by Ari Wormeli
The case of Warde v. Slatter, 2017 BCSC 274 involves a company, started by the parents of the husband. The husband and his spouse were both involved in running the company. The company had become quite successful, and then, apparently, became mired in litigation and its value was significantly reduced. The legal title to the shares was held by the husband’s mother. The dispute was about whether or not the beneficial interest in the shares belonged to the husband’s mother, the husband, or both the wife and the husband.
The judgment also contains, at paragraphs 7-15, and again at paragraphs 58-61, an excellent summary of some of the basic principles of trust law which can sometimes get muddied.
There are two paragraphs that are particularly pertinent in the judgment. The first is this:
 Before their separation, Elaine and Brian ran Slatter Holdings Ltd and its predecessor, PeeJay Contracting Ltd. They treated it as though they owned it, and no one challenged that position until they separated. At that point, Brian’s mother, the respondent Fern Slatter, asserted ownership and dismissed them both from their positions as officers and directors of the company.
While the judgment itself goes into a lot of details of the evidence, the point is that the evidence essentially boiled down to the company always being intended to go to the husband, but the actual transfer, for a variety of reasons, never actually happened. The husband and his mother, after a marital separation from the wife, appeared to seize on this as a clear indicator that it was, in fact, never intended to go to him at all.
Nevertheless, in the face of the parties treating the company like their own, to the extent that the husband actually felt comfortable using the shareholder’s loans which contained capital not injected into the company by him, this failure to complete was insufficient to make the husband and his mother’s case.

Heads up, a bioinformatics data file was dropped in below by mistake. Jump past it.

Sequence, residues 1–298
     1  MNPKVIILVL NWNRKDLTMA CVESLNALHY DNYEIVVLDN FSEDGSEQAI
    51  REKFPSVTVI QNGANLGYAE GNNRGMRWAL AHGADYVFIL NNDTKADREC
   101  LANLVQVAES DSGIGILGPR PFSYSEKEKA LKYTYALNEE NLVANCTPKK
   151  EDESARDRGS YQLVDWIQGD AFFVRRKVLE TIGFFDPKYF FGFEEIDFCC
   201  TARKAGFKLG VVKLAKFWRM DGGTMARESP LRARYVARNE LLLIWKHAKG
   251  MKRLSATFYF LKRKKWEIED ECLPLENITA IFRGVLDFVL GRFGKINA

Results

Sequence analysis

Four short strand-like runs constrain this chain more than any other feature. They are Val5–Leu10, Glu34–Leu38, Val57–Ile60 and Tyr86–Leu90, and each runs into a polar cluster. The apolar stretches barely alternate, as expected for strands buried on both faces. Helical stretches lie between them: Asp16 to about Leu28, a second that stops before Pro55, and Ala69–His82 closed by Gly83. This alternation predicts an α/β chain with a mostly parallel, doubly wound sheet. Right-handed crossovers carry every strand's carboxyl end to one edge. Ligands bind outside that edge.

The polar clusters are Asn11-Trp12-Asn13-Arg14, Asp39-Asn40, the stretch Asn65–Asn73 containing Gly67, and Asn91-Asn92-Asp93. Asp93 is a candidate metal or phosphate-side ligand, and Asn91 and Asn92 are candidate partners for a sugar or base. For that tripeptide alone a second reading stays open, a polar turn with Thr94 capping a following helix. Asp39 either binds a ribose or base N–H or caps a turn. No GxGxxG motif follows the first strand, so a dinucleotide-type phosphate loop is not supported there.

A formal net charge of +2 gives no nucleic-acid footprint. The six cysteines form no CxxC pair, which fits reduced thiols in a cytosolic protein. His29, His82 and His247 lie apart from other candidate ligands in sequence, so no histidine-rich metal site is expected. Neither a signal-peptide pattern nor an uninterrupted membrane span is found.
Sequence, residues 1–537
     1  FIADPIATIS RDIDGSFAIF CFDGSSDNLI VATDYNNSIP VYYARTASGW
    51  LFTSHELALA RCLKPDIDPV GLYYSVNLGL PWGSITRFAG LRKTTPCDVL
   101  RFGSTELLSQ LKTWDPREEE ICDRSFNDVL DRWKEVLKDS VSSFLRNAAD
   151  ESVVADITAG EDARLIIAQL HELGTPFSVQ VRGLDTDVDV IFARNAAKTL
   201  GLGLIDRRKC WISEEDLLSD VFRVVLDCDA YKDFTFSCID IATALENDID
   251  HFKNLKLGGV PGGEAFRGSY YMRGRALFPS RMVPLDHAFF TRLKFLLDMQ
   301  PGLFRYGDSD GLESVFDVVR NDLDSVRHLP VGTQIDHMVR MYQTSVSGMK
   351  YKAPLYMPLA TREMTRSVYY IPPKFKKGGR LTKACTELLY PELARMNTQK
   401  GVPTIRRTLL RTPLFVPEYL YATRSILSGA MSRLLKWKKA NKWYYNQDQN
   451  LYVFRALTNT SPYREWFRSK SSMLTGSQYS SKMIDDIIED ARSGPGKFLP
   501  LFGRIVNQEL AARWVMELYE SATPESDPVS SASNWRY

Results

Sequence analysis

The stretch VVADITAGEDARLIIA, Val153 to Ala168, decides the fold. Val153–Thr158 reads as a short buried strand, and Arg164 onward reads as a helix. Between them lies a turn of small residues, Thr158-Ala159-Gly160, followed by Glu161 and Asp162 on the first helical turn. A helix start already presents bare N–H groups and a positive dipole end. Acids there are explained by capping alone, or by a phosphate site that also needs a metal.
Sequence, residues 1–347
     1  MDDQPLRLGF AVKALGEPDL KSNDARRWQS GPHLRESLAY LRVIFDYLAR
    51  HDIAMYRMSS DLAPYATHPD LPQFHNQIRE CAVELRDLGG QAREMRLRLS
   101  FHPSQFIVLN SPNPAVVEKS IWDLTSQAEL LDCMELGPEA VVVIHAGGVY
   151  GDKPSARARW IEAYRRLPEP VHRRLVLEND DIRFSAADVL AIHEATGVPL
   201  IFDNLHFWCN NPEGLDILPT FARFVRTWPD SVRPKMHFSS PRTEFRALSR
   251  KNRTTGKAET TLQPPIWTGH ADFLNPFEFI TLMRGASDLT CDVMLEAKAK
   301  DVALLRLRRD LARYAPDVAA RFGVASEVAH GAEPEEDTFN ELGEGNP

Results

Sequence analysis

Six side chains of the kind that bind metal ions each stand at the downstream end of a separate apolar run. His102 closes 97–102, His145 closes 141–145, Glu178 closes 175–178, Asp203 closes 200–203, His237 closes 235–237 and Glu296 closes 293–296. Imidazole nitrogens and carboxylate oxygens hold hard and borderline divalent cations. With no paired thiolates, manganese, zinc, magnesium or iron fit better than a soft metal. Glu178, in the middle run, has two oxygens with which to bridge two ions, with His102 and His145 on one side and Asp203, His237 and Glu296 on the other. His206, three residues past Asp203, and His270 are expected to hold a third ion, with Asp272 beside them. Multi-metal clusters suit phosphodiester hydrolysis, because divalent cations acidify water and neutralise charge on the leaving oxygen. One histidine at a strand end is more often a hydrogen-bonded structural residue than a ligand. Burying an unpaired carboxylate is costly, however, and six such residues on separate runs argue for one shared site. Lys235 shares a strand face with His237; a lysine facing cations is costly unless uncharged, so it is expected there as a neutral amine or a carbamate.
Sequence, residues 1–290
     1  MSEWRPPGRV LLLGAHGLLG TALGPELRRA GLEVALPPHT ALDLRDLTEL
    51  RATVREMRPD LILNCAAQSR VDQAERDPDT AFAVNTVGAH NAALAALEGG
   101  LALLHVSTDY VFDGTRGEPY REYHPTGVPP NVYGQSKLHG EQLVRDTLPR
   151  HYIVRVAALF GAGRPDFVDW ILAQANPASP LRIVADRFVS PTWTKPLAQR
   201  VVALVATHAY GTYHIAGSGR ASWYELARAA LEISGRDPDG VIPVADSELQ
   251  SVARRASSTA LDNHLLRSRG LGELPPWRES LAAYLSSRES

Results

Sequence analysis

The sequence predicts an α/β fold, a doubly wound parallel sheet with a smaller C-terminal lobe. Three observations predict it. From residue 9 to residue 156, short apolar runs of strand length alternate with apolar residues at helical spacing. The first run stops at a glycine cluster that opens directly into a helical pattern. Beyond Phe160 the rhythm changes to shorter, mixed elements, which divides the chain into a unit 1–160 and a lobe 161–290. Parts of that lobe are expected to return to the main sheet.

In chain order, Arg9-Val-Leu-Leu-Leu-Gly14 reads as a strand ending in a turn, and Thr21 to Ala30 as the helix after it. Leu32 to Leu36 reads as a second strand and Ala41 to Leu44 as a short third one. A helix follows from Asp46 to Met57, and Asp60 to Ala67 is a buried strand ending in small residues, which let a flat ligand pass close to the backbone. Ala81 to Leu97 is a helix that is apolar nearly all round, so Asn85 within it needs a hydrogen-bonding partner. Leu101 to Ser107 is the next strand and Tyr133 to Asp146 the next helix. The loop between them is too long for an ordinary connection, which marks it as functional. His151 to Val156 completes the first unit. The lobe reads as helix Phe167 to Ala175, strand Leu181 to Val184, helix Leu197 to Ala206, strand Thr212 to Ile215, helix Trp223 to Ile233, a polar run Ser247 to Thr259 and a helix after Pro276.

There are two important principles to be derived from this case. The first, as a matter of law, is that you can’t allow people to just casually take over a business in all but name and expect that the “all but name” portion will save you or your family’s investment. It’s hard to conduct business and everyday life very casually one day and then expect technicalities to save you the next, particularly in family law litigation, which is a very different beast. If someone is going to be given control of a company and the ability to both use it and keep the profits as they see fit, there needs to be very strong documentation and explanations of just how it is that someone else retains an interest in that company to avoid a result similar to the one in this case.
The second is that , when faced with a problematic position such as the one the husband and the mother were in, fighting to the bitter end can be counterproductive (though, of course, we don’t know what settlement offers may have been exchanged). The other paragraph from the judgment, which is a warning to litigants, is this one:
 The story is not a happy one. The business that became PeeJay Contracting Ltd was started by the late Grant Slatter–Brian’s father and Fern’s husband. Over the years, it was built into a business that was ultimately sold for a handsome sum, which proceeds became the principal asset of Slatter Holdings. All of the parties contributed at different times to the building of the business. It was not easy. They built it through the sweat and effort of long, cold, hard hours. Now, years of litigation have significantly reduced the value of the company’s assets.